Featured Research

from universities, journals, and other organizations

Small peptides as potential antibiotics

Date:
March 25, 2014
Source:
Ruhr-University Bochum
Summary:
Small peptides attack bacteria in many different ways and may well become a new generation of antibiotics. Biologists have been researching how such peptides kill bacterial cells.

Bacillus subtilis.
Credit: Copyright: RUB, Image: Michaela Wenzel

Small peptides attack bacteria in many different ways and may well become a new generation of antibiotics. Biologists at the Ruhr-Universitδt Bochum (RUB) have been researching how such peptides kill bacterial cells. "It is quite possible that, in ten years time, all of the currently marketed antibiotics will lose their power, because bacteria will have become resistant against all active agents," says Junior Professor Dr Julia Bandow. Consequently, it is high time to develop new antibacterial drugs. Together with colleagues from Germany, Austria, and Canada, she reports on the peptide's mode of action in the journal Proceedings of the National Academy of Sciences USA (PNAS).

Drug approval requires a deep understanding of the mechanism of action

The team of Julia Bandow, who heads the RUB's Junior Research Group Microbial Antibiotic Research, has been studying the MP196 peptide as a representative of a group of very small positively charged peptides that consist of some four to ten amino acids. Earlier studies had shown that MP196 is efficient against various bacteria, including particularly problematic multi-resistant pathogens that frequently cause sepsis. How MP196 kills bacteria remained unclear. However, in order for a new substance to be approved as a drug, its mechanism of action has to be fully understood.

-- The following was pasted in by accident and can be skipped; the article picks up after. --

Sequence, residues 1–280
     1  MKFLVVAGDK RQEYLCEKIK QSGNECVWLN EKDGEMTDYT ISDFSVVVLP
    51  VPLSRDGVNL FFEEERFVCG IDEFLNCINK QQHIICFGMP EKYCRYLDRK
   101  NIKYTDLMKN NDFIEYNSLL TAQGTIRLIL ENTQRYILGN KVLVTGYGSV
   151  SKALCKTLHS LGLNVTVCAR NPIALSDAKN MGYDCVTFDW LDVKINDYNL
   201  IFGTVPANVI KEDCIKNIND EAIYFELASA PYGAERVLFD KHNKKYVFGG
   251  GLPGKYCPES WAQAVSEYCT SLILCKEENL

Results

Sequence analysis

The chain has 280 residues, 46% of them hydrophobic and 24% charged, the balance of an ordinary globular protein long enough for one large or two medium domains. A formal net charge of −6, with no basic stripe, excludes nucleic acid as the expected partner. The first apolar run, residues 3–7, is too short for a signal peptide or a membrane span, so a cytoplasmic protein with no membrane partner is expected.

Peptide disrupts cell wall biosynthesis and cell respiration

The biologists have closed this gap. They showed that the MP196 peptide integrates into the bacterial cell membrane. In doing so, it delocalises proteins localised at the bacterial cell membrane that participate in vital processes. Two processes in particular are severely affected: MP196 disrupts the biosynthesis of the cell wall, i.e. of the outer envelope that encloses the cell membrane and provides physical stability. It also inhibits cell respiration and, consequently, the production of the energy-storing molecule ATP. This results in cellular energy deficiency, thus preventing the synthesis of macromolecules vital for bacterial growth.

Developing resistances against MP196 may be particularly difficult

"By delocalizing crucial membrane proteins, MP196 disrupts a number of cellular processes that take place at the membrane," says Julia Bandow. "As a result, the development of resistance against the peptide seems particularly difficult." The researchers are confident that MP196 can serve as a scaffold to develop drugs that attack certain classes of bacteria without damaging human cells. The interaction of MP196 with the cell membrane was dependent on the fatty acids present in the membrane. The membrane composition varies not only between human and bacterial cells, but also between different classes of bacteria.


Story Source:

The above story is based on materials provided by Ruhr-University Bochum. Note: Materials may be edited for content and length.


Journal Reference: